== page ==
Dr. Tuznik agrees, adding that "the antibody response the body makes from natural COVID infection is not as good and not as robust as the antibody response that you get from vaccination, and particularly from boosting."
Who's at risk of becoming reinfected with COVID?
Those who are unvaccinated are at high risk of getting COVID twice. "Not only are [vaccinated individuals] protected from getting disease, but specifically they’re protected from severe disease, meaning hospitalization and risk of death," says Dr. Tuznik. "And this has been shown repeatedly in the data that has been produced or put out into the medical literature since the advent of the vaccine."
Another group that's vulnerable to reinfection is people who have a suppressed immune system either due to an underlying disease or treatment, such as chemotherapy or radiation therapy. While their bodies do produce antibodies after vaccination, they are just not as good compared with a normal, healthy individual.
For this reason, Dr. Talaat says anyone who falls in this category should check with their doctor to see how many other doses they need. (FYI, immunocompromised people and those over 50 who received a booster four months before are now cleared for a second mRNA booster shot, according to the CDC.)
There is now also an injection called Evusheld that's developed specifically for people who couldn't get the vaccine because of allergies and those who are immunocompromised. "It’s a long-acting injectable monoclonal antibody that is supposed to confer additional protection to such individuals for up to six months," says Dr. Tuznik. "While it doesn’t work perfectly against all of the variants and may not potentially work for whatever variants to come, it is certainly an adjunct therapy that is now available."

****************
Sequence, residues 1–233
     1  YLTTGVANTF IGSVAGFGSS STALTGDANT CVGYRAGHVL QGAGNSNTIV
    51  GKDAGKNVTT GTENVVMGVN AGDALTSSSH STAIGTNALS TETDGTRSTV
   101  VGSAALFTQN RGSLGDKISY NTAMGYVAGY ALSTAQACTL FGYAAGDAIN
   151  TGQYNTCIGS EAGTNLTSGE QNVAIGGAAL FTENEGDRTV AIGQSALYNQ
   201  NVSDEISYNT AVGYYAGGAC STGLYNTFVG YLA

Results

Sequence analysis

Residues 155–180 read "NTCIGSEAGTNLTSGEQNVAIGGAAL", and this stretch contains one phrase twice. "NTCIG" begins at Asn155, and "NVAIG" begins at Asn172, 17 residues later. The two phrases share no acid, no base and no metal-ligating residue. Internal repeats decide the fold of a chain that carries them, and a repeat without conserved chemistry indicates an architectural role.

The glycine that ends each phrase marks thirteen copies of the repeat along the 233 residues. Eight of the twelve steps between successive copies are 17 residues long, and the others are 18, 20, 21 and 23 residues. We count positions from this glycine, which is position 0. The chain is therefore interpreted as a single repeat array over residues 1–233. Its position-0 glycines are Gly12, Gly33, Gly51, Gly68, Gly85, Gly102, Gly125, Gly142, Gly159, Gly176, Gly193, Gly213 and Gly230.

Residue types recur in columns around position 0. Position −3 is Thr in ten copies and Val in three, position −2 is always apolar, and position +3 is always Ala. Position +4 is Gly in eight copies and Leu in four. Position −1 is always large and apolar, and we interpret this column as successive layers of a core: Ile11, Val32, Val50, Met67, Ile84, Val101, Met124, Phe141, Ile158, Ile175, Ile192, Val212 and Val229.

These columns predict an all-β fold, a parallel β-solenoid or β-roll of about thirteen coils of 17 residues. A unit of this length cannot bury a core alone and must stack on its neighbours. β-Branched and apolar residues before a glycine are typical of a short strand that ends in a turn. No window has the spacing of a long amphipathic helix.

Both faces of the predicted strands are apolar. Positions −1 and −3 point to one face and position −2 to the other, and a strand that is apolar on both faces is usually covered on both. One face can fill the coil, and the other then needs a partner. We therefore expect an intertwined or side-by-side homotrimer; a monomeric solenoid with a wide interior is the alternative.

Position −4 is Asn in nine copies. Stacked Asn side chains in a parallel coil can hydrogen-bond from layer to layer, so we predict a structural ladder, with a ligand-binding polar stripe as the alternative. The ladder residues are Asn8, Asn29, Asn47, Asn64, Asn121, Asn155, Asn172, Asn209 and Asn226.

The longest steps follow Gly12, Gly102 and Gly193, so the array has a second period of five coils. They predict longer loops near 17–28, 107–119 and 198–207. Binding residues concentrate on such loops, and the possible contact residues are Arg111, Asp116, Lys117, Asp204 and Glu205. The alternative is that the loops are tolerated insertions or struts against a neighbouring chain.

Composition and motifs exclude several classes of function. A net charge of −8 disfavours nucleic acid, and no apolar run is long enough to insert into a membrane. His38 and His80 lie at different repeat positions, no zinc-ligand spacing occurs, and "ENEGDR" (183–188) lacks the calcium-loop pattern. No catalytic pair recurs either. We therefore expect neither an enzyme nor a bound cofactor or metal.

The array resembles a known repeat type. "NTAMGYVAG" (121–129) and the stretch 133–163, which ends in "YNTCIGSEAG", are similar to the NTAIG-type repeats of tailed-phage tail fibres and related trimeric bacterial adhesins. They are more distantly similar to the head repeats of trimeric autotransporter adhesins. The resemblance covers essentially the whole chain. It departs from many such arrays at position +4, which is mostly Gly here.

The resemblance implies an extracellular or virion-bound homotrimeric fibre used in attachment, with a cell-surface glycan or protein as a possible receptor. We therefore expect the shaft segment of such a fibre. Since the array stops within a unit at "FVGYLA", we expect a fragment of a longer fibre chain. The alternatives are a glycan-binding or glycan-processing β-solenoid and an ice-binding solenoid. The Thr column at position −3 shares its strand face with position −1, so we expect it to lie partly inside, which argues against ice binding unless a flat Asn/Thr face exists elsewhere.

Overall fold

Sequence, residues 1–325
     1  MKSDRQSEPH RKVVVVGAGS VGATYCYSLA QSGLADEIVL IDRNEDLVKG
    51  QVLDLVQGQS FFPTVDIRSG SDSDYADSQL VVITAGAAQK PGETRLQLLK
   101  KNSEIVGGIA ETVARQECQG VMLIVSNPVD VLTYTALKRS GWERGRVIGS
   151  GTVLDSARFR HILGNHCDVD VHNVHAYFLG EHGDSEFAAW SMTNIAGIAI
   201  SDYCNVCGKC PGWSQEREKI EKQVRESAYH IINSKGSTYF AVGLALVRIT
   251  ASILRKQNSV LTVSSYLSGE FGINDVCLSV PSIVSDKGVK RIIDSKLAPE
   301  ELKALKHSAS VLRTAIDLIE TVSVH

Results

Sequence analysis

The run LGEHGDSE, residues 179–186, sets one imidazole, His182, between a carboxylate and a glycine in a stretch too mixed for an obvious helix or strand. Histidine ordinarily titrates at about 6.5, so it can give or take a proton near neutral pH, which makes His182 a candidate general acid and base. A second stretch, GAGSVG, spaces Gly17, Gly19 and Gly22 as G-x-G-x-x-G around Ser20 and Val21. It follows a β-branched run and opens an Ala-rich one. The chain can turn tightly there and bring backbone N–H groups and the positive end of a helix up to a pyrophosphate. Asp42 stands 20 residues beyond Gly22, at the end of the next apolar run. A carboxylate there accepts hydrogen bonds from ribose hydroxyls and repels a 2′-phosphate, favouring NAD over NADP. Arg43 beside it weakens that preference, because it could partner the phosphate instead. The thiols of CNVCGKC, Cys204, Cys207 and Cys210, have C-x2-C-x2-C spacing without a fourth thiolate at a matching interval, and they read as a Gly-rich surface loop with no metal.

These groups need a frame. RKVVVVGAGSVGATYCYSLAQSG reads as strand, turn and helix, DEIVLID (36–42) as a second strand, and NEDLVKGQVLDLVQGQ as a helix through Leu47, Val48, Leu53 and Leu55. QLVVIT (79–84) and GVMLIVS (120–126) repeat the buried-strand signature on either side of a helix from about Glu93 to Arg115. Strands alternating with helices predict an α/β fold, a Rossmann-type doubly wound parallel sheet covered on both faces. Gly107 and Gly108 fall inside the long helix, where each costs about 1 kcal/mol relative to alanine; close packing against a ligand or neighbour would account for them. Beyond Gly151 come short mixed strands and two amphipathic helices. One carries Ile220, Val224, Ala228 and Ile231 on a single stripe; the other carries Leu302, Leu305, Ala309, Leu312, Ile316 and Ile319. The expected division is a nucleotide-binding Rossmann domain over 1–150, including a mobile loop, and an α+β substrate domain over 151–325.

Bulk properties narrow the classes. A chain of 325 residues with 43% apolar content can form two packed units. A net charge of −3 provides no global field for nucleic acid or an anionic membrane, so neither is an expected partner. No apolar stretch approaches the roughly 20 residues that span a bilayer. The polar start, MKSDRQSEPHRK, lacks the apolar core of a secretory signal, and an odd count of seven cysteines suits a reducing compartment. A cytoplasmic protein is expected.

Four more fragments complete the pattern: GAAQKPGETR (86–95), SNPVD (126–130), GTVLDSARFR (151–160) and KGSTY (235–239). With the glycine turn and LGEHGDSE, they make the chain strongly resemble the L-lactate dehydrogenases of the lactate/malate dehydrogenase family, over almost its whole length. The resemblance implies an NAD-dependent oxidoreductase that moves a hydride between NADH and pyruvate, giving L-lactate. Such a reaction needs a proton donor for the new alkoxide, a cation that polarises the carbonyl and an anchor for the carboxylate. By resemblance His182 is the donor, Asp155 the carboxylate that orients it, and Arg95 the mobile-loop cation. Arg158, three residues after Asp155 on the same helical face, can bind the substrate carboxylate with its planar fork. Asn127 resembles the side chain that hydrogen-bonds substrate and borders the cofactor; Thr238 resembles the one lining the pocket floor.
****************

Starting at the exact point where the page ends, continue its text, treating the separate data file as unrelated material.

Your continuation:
What should you do if you get COVID again?
This depends a lot on how you feel. If you don't have any symptoms and can function normally, Dr. Tuznik says you should go through the isolation period, make sure you take care of the loved ones around you, and avoid exposing anyone at high risk. After testing positive, you should isolate at home for at least five days, and you can end isolation if you're fever-free for 24 hours, per the latest CDC guidelines.
If you're feeling really bad, particularly if you have shortness of breath, you should consult with your doc about next steps. There are several treatment options that are only effective if they're started soon after you contract the novel coronavirus. So, the sooner you reach out to your primary care provider, the better.
What can you do to protect yourself from reinfection?
First and foremost, schedule an appointment for the vaccines and booster ASAP if you haven't done so already. And sign up for the additional booster if you're eligible.
Then, especially if you have immune system issues or live with someone at increased risk, like an immunocompromised individual or a child who can't be vaccinated, keep practicing the same precautionary measures. "Wear a mask when you’re out in public, especially when you’re in an enclosed space that may not have as good of a circulation, and try to continue to socially distance yourself if you’re able to and then avoid any unnecessary risks," advises Dr. Tuznik.